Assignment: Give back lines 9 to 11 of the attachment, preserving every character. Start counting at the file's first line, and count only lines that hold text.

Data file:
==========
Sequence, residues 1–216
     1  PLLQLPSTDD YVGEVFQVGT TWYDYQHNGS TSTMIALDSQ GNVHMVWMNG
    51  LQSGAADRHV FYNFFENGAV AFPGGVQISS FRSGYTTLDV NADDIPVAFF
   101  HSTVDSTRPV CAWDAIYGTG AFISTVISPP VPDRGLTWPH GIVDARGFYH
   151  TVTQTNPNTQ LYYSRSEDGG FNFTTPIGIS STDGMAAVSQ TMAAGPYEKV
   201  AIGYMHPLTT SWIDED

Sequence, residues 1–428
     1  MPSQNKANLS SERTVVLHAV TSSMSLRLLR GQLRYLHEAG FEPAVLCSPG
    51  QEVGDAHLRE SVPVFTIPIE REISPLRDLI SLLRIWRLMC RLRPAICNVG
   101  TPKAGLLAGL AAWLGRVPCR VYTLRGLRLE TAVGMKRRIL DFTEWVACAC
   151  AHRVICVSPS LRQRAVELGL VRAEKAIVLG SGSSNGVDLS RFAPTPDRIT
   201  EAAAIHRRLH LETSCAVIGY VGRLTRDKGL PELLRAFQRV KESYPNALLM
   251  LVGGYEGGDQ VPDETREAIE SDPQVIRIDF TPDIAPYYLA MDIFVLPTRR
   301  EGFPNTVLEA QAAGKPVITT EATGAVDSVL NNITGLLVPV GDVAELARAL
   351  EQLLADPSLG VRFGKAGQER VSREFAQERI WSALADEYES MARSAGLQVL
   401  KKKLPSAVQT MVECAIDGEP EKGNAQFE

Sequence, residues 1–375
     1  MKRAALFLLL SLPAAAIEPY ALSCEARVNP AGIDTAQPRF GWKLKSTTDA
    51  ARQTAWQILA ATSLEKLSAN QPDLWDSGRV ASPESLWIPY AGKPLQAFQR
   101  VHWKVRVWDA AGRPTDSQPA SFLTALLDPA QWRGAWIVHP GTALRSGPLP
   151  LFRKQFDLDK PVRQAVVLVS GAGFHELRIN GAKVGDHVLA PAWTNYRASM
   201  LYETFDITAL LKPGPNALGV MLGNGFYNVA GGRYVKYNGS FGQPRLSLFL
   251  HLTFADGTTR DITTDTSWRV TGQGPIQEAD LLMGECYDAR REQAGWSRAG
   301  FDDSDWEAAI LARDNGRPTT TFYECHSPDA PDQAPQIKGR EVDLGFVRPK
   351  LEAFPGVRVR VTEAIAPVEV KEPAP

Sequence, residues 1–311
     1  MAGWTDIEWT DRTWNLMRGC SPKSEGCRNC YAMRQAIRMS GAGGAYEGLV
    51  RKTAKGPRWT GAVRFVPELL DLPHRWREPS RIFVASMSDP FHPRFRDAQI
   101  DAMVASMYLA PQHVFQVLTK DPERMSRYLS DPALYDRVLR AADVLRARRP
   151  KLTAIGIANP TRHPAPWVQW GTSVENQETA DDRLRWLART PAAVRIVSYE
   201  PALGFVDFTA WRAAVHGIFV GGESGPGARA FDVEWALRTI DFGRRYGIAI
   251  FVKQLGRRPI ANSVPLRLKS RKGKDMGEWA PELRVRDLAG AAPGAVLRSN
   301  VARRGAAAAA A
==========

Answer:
    51  QEVGDAHLRE SVPVFTIPIE REISPLRDLI SLLRIWRLMC RLRPAICNVG
   101  TPKAGLLAGL AAWLGRVPCR VYTLRGLRLE TAVGMKRRIL DFTEWVACAC
   151  AHRVICVSPS LRQRAVELGL VRAEKAIVLG SGSSNGVDLS RFAPTPDRIT